The City of Ottawa has initiated the appeal process against a $4.5 million settlement award granted to Charlesfort Developments Ltd. by the Superior Court of Justice.
The development company began proceedings in 2009, claiming negligent misrepresentation in a case involving a water main and asking for $6.5 million in damages.
In 2004-2005, Charlesfort completed a site-specific rezoning application that would permit the construction of a high-rise condominium at 793 Richmond Road. The building, called the Continental, was to be a 15-storey building, with a two-storey underground parking garage. When a complication arose in the water main, Charlesfort claimed that the city failed to give all the necessary information about a high-pressure water main on an adjacent easement during its zoning review.
It was generally assumed the water main was in the centre of the easement, but the city couldn’t say exactly where. Charlesfort’s own testing revealed that it rested only one metre from the property line where the new condominium was being constructed, making the parking structure for the new building too close to the water main. Excavating right to the property line, as was originally planned for the parking structure, could result in damage to the pipe, risking workers’ lives and flooding the local area.
“We can’t inspect the pipe. The city does not know what shape it is in, or whether there are any thrust blocks. How could a reasonable person proceed under such conditions?” wrote Doug Casey, Charlesforth’s president, in a letter to the city in 2008. As a result the size of the parking structure was scaled back to allow more room for the water main. Additional insurance requirements and complications for the changes delayed construction by two years.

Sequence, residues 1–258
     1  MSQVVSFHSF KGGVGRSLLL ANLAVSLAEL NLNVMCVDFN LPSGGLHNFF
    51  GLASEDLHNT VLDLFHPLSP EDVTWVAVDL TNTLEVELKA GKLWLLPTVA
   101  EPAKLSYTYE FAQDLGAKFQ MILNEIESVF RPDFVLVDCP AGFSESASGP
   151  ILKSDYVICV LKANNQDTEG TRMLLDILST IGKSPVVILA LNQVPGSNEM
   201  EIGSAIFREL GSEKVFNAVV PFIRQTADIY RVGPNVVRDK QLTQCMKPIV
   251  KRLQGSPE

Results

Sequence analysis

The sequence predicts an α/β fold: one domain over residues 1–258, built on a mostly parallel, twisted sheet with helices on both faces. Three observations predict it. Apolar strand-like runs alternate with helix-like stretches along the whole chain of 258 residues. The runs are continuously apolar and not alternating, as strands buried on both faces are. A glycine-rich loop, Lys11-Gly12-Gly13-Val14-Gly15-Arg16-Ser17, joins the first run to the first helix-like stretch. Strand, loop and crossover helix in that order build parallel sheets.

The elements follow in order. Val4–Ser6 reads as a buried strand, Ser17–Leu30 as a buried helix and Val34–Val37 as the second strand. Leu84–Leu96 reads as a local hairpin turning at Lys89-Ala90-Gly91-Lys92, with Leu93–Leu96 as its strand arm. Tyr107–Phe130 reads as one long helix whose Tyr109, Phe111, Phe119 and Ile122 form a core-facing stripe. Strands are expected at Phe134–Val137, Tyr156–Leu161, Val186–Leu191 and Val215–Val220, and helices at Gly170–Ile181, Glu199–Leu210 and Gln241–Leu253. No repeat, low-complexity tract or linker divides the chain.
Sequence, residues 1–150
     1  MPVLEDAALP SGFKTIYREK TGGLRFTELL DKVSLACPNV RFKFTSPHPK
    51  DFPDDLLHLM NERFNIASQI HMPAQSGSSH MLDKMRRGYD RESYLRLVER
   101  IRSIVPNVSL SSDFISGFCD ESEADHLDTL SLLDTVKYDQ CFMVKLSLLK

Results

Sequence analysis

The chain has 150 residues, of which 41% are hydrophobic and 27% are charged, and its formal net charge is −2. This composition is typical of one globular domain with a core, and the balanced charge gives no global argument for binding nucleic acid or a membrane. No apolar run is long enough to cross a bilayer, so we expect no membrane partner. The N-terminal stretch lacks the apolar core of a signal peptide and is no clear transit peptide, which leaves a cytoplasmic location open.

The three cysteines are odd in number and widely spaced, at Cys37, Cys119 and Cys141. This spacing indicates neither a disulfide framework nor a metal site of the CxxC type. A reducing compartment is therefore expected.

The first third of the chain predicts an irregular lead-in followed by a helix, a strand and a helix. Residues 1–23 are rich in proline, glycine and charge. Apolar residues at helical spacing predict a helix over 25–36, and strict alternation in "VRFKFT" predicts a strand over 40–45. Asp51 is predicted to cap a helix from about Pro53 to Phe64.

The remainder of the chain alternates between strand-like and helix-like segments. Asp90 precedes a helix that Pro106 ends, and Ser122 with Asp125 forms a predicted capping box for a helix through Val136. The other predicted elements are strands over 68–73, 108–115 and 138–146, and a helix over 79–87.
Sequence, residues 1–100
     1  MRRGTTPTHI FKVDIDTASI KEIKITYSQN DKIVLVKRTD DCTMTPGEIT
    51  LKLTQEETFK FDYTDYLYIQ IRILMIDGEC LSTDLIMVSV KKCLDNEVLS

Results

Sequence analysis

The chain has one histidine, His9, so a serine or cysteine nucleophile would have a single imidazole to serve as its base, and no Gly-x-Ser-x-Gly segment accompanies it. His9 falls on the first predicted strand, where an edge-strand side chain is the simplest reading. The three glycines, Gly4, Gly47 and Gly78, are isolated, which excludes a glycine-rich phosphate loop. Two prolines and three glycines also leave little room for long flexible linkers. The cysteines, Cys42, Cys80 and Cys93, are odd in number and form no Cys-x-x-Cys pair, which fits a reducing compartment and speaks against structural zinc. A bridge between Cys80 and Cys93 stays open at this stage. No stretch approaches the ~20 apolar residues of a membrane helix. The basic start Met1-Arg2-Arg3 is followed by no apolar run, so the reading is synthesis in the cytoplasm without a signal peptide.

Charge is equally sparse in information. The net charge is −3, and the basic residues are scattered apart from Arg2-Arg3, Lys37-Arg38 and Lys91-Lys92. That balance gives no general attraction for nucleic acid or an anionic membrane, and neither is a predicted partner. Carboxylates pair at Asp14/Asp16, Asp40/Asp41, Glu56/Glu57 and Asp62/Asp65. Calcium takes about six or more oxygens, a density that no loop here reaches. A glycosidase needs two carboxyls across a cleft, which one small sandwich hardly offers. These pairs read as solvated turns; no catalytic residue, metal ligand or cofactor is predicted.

The Court’s decision, which came down following a 12-week trial in February and March of 2019, stated that the city was responsible to “take reasonable care to tell Charlesfort about relevant municipal infrastructure,” and thus should bear the risk for the water main.
The City responded that notice of the easement itself constitutes notice to the public of infrastructure, and that no additional responsibility was owed to a private developer, but the Court disagreed, stating that though the requirement may be novel, the duty of care existed for the city to inform Charlesfort of the water main. It found that Ottawa had failed to notify the developer of accurate and relevant information.
In its decision the Court found that Charlesfort would not have carried through with the project if it had all the relevant information, including purchasing the property on which it constructed the condominium.
Since 2004-2005 when the rezoning review process in this case took place, the rezoning review process has changed. The Planning Act in place at the time did not allow for the pre-consultation process and sharing of information that is required under the current system, the Court noted.
The Superior Court of Justice released its decision late last week. The City of Ottawa will complete its appeal application within the 30-day deadline required by the Court.